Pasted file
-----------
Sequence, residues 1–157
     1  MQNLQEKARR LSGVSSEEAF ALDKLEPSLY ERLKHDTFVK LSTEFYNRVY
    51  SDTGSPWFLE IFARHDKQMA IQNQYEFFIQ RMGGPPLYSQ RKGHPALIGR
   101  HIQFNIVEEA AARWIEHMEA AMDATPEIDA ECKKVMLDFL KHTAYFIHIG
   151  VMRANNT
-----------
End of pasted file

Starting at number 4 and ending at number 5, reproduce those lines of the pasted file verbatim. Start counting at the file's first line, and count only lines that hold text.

   101  HIQFNIVEEA AARWIEHMEA AMDATPEIDA ECKKVMLDFL KHTAYFIHIG
   151  VMRANNT